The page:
Kishan Kariippanon MD,
A great opportunity to work in the Northern Territory was made
possible when I got my current job as Youth Health Policy officer
in the Sexual Health and Blood Borne Virus Unit (SHBBV), an agency
that is part of the NT's Centre for Disease Control.
The primary functions of the Youth Health Policy officer is to
network with service providers and non government agencies and
initiate grassroots participation in sexual health awareness and
promote Clinic 34 - a free and confidential sexual health service
in the NT. The SHBBV unit has a clinic in Darwin, Katherine, Alice
Springs, Tennant Creek and Nhulunbuy.
The main challenge in this role, in my opinion, is to facilitate
the engagement and increase the health seeking behaviour of youth
with sexual health services. The search for a method in sexual
health promotion brought me to social media as an already familiar
networking and information sourcing tool amongst youth. A strength
of this tool being its ability to encourage participation and allow
for 'user added value' which can possibly result in users taking
ownership of the health issues at hand.
Through the advice of my colleague and a personal friend
together with the leadership from my manager a.k.a networking, I am
learning and having input into how social media can be used to make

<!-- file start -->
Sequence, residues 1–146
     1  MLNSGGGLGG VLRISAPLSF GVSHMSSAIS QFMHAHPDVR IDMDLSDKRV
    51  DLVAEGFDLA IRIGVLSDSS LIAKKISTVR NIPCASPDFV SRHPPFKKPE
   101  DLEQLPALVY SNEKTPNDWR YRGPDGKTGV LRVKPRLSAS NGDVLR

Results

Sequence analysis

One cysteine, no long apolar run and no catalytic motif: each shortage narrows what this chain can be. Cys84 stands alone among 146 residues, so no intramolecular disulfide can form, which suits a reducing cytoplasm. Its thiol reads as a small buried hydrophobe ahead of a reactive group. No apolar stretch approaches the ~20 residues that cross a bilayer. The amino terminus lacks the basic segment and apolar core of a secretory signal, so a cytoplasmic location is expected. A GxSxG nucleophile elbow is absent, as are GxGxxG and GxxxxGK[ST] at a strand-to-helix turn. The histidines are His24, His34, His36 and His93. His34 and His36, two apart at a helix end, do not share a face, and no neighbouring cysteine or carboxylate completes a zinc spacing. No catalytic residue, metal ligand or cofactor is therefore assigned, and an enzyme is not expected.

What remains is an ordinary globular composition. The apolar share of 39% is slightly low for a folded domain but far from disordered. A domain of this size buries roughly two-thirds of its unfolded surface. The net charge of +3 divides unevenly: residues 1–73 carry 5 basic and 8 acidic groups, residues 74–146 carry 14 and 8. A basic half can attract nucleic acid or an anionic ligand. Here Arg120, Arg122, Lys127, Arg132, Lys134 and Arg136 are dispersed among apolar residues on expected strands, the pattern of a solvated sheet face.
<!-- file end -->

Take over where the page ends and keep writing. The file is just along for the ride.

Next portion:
sexual health promotion more engaging and palatable to youth. I
conducted a mini literature review and observed different sexual
health related programs through social media and proposed to pilot
a local project. The community in the NT is quite unique and
therefore a specialised approach needs to be drawn rather than
duplicating projects from other States.
The policy from the government is still being formulated on the
'use of Web 2.0 by public servants' for work purposes. Nevertheless
the Federal 'Government's Response' to the recommendations from
"Engage: Getting on with Gov. 2.0" report will enable this process
to take practical form through guidelines and policies that will
fuel the use of Web 2.0 in the public sector and allow for better
engagement with the population.
While the above is still in process, the Menzies School of
Health Research has taken up the pilot project we proposed and
called it 'Studio 34'. This project aims to provide knowledge on
how young people can be engaged through the use of social media to
promote youth health. The project involves holding a competition on
the best rap on youth health with the support of local hip hop
artist like Kaotik, DT3 and Pott Street and promoting this through
service providers and schools. Expressions of interest from schools
in Darwin are coming in for presenters to talk about creating
content on youth health through social media, arts and music.
We hope by the end of November of 2010 we will be able to have a
sufficient body of knowledge to improve the Studio 34 project and
systematically destigmatise sexual health with the help of social